Neil Cavuto was joined by Jim Rogers, author of Adventure Capitalist; Gregg Hymowitz, founder of Entrust Capital and co-chair of Rep. Richard Gephardt’s presidential campaign; Ben Stein, author of Yes, You Can Time the Market! and former advisor to Pres. Nixon; Rosanne Badowski, author of Managing Up; and Georges Leclere, executive director of the International TV Academy.
More For Your Money: Will Martha’s Indictment Hurt Stocks?
Neil Cavuto: Martha Stewart indicted and in the fight of her life. The Feds trying to make an example of her, a poster child for "rich people behaving badly" on Wall Street. But is this actually a bad thing for investors that will stop us all from getting more for your money?
Gregg Hymowitz: If you read the actual indictment, the amount we're talking about is $44,000. This is small potatoes. They didn't even get her on the insider trading. The Ebbers, the Skillings and the Lays, these are the guys who cost investors billions and billions of dollars. And those guys are still out there. So until you see those people are arrested, you're not going to see investor confidence come back.
Jim Rogers: If I was in the jury for Martha's case I'd vote that she was innocent. That wasn't insider trading. What Jack Grubman did is ten times worse than what Martha Stewart did, and that guy isn't going to jail.
Ben Stein: To tell you the truth, I think she was poorly represented. She should've compromised. To me, it was straight up and down insider trading and fraud. But this is chump change. Gary Winnick did insider trading with close to a billion dollars and he's getting off scott free.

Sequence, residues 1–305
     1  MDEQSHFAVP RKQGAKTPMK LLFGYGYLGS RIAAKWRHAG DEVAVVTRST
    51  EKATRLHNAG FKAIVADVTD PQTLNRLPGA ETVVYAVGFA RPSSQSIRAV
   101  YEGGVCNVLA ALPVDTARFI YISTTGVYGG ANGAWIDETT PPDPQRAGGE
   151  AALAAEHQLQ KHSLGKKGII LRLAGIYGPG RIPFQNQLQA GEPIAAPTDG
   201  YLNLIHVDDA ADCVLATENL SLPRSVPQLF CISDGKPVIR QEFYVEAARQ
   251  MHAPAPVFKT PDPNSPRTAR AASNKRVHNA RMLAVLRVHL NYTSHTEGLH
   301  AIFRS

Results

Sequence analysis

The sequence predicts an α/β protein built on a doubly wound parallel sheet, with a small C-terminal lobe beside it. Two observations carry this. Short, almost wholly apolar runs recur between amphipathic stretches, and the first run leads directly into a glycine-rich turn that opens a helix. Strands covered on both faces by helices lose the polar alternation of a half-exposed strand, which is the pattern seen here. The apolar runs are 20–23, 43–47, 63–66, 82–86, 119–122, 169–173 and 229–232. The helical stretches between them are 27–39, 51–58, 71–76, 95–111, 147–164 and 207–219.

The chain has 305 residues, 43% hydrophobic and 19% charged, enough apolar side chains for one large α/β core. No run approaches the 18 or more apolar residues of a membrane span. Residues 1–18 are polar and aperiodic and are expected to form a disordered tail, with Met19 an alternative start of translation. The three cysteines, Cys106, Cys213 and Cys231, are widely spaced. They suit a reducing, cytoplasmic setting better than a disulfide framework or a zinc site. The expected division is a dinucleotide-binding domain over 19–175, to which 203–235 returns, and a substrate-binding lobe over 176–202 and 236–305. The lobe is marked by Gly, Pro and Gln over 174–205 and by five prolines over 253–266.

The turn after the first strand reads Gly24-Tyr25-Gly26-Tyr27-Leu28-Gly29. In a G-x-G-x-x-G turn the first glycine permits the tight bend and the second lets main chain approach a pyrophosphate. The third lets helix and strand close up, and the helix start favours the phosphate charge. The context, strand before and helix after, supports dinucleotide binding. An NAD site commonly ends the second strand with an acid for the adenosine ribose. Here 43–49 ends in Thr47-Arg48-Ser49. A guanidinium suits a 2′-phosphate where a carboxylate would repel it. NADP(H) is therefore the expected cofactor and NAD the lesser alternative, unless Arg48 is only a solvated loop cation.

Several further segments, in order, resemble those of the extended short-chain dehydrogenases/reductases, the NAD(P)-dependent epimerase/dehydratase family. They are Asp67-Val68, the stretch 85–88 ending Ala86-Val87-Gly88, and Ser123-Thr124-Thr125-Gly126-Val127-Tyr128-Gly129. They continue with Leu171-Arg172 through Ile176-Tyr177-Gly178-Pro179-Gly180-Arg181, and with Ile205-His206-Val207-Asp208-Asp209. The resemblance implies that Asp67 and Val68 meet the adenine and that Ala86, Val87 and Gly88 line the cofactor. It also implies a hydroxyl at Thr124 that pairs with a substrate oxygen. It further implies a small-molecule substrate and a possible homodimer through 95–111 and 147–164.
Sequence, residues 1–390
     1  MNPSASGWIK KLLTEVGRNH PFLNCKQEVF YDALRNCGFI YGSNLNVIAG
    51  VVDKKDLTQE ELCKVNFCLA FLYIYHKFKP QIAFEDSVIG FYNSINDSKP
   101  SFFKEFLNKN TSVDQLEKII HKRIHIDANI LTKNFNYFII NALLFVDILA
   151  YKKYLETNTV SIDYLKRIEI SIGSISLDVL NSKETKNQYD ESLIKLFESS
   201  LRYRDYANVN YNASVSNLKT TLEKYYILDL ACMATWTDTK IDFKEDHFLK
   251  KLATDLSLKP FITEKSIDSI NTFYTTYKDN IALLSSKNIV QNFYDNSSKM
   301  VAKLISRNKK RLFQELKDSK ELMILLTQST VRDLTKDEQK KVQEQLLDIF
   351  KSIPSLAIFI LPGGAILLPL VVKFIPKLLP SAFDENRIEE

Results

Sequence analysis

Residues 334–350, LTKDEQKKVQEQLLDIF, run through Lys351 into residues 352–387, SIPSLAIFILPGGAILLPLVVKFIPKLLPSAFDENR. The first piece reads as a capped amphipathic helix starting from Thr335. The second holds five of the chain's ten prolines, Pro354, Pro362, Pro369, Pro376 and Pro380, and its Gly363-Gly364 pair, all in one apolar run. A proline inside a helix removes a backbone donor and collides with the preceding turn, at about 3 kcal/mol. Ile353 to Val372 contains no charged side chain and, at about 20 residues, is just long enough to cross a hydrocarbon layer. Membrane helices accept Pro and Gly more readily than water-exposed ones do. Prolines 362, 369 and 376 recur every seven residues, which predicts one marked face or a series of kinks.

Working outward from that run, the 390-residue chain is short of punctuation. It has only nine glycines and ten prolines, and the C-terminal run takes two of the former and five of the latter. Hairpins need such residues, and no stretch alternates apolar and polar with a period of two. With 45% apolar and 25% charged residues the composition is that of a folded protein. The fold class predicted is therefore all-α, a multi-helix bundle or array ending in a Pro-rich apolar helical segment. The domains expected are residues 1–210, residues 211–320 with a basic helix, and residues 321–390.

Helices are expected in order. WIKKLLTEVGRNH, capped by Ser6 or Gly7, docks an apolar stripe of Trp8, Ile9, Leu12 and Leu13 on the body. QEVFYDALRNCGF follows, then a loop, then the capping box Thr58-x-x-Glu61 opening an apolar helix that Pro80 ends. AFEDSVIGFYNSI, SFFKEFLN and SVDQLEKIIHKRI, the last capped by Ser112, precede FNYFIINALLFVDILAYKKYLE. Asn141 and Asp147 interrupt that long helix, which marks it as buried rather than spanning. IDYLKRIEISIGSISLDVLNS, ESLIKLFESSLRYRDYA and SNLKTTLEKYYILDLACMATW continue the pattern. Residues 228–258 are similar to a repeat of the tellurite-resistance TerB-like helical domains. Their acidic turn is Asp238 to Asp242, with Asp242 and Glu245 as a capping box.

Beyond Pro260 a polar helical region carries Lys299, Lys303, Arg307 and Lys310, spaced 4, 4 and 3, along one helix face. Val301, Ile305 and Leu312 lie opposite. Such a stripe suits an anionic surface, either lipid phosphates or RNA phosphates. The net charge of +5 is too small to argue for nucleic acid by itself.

Neil Cavuto: Rosanne, the wrap against Martha was that she was not a good manager and not good to her people. You work for one of the world's most acclaimed managers, Jack Welch. Do you think that's why she's in this predicament?
Rosanne Badowski: I think the media finds negative aspects about people and it tends to perpetuate those characteristics. And that’s what’s going on here. That said, a company's longevity depends on the management that's going to carry it through. Great leaders and CEO's pick the right people who make great companies.
Neil Cavuto: People are now asking themselves, where should they put their money if they have doubts about a manager?
Ben Stein: Index funds diversify you away from the bad management.
Jim Rogers: But WorldCom, Enron and Cisco are stocks that effect the index.
Ben Stein: But that's more than if you had just owned those stocks individually. When I say diversified I mean not four or five companies. I mean more like 400 or 500.
Gregg Hymowitz: Good management is one of the most crucial things we examine when we look at companies. One company we like and own is Viacom (VIA-b shares). It's got a top notch management team of Sumner Redstone and Mel Karmazin. The interesting thing is you're now paying a premium for that great management.
Jim Rogers: Management is important, but not the most important thing. The economics of that industry is also important. I'm not buying, I'm selling stocks these days and I would sell Fannie Mae (FNM) because of its management.
Ben Stein: The name that screams out to me is Warren Buffett and his stock, Berthshire Hathaway (BRK-b shares).
Is Iran the Biggest Obstacle to a Bull Market?
Neil Cavuto: Forget about Martha Stewart, Saddam Hussein and al Qaeda -- Is Iran the biggest threat to a new bull market?
Ben Stein: Iran is the main threat to stability in the Middle East and to the stability of the oil supplies there. Iran doesn't have nuclear weapons and is one of the remaining members of the Axis of Evil. I think if we could get the mullahs out of that country, the area would be a much calmer place and the oil supplies would be much more stable.
Col. Hunt: Iran supports Hezbollah and terrorism. Having said that, I don't think we should go into Iran like we went into Iraq. We have enough on our plate as it is. From a terrorism standpoint though, Iran has to go. We have to deal with them.
Jim Rogers: It's true, we have to get rid of the mullahs. The Iranians want to get rid of the mullahs. And Ben you're wrong, if we invade Iran the market is not going to go up. It will go down.